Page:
The barriers to integrated and people‐centred health services in the aged care sector reflect political forces, policy models and societal trends, many of which arise well beyond the health and aged care sectors.
This brief review, of Australian progress towards integrated and people‐centred health services, points towards two sets of broad conclusions regarding structural and developmental principles.
Some structural principles which emerge from this review include:
single payer purchasing (evidence‐based, transparent and accountable) strengthens the policy levers needed to achieve public goods outcomes across the system;
incremental adjustments to funding modalities can help to align more closely the financial incentives the and the policy objectives;
nudging provider performance involves honouring professionalism and strengthening accountability as well as incentive engineering;
investment in innovation and evaluation informs clever policy and constituency building;
investment in meaningful measurement contributes to constituency building and accountability;
addressing the barriers to cooperation across providers, across levels of government and between different sectors of administration requires structural reform, institutional culture change and strengthened public accountability (including media pressure).
The prevailing neoliberal policy framework constitutes a major barrier to people-centred health services:20
privatisation and marketisation fragment service delivery and weaken policy control;
equitable universal access is not consistent with discriminatory safety nets;
global pressures for lower taxation are contributing to a widespread and regrettable retreat from the welfare state.
The ‘lessons’ regarding the processes of health system development, which we have drawn from our review of the Australian experience, may be systematised in accordance with Kingdon’s ‘three streams’ model of policy implementation.21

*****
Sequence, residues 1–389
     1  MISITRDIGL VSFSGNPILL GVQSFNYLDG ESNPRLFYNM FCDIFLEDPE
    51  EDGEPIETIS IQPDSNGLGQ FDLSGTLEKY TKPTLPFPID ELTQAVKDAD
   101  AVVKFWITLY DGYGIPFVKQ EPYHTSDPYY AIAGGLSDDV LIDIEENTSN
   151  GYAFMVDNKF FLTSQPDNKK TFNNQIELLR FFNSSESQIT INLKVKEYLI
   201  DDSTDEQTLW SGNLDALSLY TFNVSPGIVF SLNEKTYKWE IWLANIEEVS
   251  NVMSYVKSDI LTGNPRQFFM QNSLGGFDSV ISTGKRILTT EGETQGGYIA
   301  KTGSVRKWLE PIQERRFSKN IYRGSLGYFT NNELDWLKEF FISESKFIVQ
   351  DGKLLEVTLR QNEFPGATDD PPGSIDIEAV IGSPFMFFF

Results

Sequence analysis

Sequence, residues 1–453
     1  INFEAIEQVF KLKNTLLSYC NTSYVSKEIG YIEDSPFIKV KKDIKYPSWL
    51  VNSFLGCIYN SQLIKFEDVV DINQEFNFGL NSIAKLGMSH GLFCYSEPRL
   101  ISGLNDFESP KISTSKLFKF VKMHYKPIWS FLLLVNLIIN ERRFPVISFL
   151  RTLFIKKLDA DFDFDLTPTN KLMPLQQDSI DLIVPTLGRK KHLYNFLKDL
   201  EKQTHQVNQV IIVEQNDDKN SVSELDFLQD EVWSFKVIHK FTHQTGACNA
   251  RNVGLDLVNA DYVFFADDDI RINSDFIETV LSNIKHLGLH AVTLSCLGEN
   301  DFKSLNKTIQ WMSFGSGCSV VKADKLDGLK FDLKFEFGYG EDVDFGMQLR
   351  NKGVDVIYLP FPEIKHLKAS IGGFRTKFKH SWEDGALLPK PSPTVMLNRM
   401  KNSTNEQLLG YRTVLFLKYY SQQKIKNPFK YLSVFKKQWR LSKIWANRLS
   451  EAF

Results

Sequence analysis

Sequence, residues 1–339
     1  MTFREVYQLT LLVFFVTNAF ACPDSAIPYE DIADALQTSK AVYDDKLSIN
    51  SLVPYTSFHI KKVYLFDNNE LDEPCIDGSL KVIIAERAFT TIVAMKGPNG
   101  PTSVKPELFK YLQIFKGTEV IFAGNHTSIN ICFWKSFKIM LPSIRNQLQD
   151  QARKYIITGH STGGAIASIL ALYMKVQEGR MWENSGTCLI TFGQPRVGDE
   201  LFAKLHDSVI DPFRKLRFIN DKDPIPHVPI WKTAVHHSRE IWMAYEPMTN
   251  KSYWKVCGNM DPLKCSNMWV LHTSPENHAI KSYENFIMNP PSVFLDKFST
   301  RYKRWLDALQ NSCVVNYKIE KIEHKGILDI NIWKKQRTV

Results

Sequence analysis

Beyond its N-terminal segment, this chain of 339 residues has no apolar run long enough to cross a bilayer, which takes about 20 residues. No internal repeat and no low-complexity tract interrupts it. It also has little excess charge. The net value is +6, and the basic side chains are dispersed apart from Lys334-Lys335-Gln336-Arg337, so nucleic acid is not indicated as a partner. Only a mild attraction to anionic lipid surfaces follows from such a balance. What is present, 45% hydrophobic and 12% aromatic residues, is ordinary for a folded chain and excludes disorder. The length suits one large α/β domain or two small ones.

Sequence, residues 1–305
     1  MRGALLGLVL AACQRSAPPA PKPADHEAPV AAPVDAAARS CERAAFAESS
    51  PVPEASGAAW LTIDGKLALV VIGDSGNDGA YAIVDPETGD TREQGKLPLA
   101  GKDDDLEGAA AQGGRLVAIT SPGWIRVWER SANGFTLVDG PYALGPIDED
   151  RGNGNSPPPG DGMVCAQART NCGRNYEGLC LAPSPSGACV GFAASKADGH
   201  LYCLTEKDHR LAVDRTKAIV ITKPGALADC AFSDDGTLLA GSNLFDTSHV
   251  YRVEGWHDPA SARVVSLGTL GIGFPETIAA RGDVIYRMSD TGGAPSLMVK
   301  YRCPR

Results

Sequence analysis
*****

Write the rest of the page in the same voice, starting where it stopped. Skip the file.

Health systems develop through incremental change. Such change takes place when established institutions unfreeze (often because of increasingly evident dysfunction), and there are clever policies on hand, and public interest constituencies are driving towards a coherent vision for change.
Opportunities for change arise unpredictably; both in terms of timing and the institutional location of such unfreezing. Accordingly, the system as a whole, and all of the various loci of possible reform, need to be prepared so that opportunities can be converted into the implementation of progressive change when they emerge. Creating such ‘reform readiness’, locally and generally, involves:
building consensus around why change is necessary;
building the policy dialogue among stakeholders, including various affected communities, to develop clever policies for different contingencies;
strengthening the political leadership needed to drive change.
Building a shared vision of how the system as a whole should be developing is a critical part of this model to ensure that incremental changes taking place at different times and places are coherent and synergistic. WHO’s framework on integrated and people-centred health services provides a vision of the kind of health system we are striving towards.
Promoting this vision, engaging stakeholders in policy dialogue and supporting the emergence of community constituencies whose interests will be served by such policy reform are critical tasks for policy leaders.
Funding The authors have not declared a specific grant for this research from any funding agency in the public, commercial or not-for-profit sectors.
Competing interests None declared.
Patient consent for publication Not required.
Provenance and peer review Not commissioned; externally peer reviewed.